The baseball offseason has begun. With the Bearded Ones of Boston winning the World Series, we can now look forward to, and fear, the things which Dayton Moore and David Glass may or may not do. Last year's offseason was quite eventful, as Moore struck early by trading for Ervin Santana and struck in December by trading Wil Myers, Jake Odorizzi, and Mike Montgomery for "Big Game James" Shields, Wade "Hochevar" Davi(e)s and Elliot "Rays Destroyer" Johnson. Moore's dastardly plan to win games (something Kansas City Royals fans barely knew was possible) worked--to an extent. Kansas City ended 2013 with 86 wins, their first winning season since 2003 and largest win total since 1989, two years before your humble author was born.
The Royals also failed to make the playoffs for the 28th consecutive season.
This year's Royal payroll was the highest payroll in Kansas City history, at $81.2 million. This would have been above average--in 2005. As it stands, though, the Royals were $25.1 million below the average; KC was actually closest to average in 2010, where they were $19 million below the average. The Kansas City Metro population is a tick over 2,000,000, one of the smallest totals among MLB teams, and therefore Kansas City will never have a giant payroll.
That being said, Boston's World Series opponent, St. Louis, manages to keep a competitive payroll with a Metro of only 2,800,000. In addition to the competitive payroll, the Cardinals have another couple of things the Royals don't have: playoff appearances and World Series victories.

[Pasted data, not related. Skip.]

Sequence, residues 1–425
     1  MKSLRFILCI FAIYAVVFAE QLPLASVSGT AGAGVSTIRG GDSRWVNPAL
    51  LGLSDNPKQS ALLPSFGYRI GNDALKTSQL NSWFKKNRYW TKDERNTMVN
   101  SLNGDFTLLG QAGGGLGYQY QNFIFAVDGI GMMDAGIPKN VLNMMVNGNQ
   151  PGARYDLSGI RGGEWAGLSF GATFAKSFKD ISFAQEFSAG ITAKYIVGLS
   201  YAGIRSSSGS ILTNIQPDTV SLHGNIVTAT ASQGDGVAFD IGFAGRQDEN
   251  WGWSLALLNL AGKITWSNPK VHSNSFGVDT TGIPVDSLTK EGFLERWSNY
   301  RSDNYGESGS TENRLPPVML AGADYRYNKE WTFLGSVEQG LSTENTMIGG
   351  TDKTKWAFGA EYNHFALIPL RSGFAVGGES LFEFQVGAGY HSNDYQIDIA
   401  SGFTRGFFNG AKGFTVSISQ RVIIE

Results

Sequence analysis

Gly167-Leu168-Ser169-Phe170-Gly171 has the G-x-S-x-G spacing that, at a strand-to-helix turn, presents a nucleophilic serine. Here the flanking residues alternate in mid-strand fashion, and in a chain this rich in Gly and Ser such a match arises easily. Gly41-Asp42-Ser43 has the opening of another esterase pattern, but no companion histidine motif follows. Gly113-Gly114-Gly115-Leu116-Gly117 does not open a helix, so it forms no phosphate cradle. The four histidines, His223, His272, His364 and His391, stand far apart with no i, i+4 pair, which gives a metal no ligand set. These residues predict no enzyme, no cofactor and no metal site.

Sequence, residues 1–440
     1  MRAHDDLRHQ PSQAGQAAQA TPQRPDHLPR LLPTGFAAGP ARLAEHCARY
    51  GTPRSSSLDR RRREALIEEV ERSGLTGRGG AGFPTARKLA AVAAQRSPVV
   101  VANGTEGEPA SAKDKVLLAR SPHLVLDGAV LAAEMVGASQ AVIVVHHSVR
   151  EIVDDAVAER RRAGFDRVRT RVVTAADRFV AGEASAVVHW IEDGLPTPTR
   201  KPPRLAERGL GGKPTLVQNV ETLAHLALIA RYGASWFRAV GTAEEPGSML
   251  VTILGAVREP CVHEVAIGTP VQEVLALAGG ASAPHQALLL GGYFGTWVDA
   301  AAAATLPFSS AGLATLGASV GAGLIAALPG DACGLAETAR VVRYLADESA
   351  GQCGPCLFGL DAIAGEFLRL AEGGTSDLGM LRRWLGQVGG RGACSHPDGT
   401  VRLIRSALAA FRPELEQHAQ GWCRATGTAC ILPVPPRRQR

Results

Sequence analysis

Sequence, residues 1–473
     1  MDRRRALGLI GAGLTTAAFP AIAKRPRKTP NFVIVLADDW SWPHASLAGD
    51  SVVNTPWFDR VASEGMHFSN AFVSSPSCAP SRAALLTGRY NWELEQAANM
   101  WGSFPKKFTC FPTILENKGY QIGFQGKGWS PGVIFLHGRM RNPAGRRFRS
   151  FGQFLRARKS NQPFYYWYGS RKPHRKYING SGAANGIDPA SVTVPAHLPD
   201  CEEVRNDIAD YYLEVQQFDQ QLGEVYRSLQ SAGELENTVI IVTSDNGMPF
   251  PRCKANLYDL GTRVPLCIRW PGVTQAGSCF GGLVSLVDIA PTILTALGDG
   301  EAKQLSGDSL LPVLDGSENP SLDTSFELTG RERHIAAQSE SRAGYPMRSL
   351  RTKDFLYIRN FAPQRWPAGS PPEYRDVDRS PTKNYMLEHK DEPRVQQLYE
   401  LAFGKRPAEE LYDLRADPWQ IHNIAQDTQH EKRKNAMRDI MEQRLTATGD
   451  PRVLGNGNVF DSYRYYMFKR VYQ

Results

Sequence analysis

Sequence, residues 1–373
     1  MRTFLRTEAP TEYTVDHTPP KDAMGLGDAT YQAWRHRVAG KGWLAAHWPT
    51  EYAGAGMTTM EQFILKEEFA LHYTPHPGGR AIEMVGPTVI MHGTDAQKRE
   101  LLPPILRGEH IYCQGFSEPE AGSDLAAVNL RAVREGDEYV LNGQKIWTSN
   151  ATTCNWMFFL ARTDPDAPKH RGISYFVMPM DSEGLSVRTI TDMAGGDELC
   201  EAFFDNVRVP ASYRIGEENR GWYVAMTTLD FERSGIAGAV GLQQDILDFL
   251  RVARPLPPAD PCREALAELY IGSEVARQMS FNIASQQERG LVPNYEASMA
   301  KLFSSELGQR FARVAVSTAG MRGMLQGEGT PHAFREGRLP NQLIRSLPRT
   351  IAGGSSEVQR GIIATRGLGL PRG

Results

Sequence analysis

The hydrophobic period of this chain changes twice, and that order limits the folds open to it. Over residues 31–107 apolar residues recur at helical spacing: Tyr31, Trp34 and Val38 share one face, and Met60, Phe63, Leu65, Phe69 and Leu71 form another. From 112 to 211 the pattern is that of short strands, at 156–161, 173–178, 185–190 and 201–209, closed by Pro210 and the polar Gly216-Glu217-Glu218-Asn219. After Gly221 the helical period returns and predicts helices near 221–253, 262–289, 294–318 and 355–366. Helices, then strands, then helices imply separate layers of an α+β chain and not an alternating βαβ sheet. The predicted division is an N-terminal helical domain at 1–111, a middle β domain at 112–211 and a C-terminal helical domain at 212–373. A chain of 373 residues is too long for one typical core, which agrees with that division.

During the World Series, I thought of the World Series teams of recent years. Boston. Philadelphia. St. Louis. New York. Detroit. Texas. All of these teams seemed to have one common thread--money. Now, we know that money is not inextricably tied to winning, as Oakland and Tampa Bay (and now Pittsburgh) have proven for years. However, I set out to find, with the help of the Baseball Prospectus website, what sort of relation money has to World Series appearances.
The results? David Glass had better open up his wallet.
My methodology was simple: look at each World Series from the past decade, find out the average payroll of that year, find out each teams payroll for that year, and calculate how much above or below average that team was, in percentage points. The results are as follows:
Average: $106.3 million
Boston: $150.7 million, 41.8% more than average
St. Louis: $116.6 million, 9.7% more
Average: $100.7 million
San Francisco: 132.0 million, 31.1% more
Detroit: 133.1 million, 32.2% more
Average: $96.1 million
St. Louis: $109.8 million, 14.3% more
Texas: $96.7 million, 0.6% more
Average: $94.2 million
San Francisco: $97.0 million, 3.0% more
Texas: $58.5 million, 37.9% less than average
Average: $92.1 million
New York: $203.3 million, 120.7% more
Philadelphia: $137.8 million, 49.6% more
Average: $91.1 million
Philadelphia: $100.5 million, 10.3% more
Tampa Bay: $47.1 million, 48.8% less than average
Average: $84.0 million
Boston: $147.6 million, 75.7% more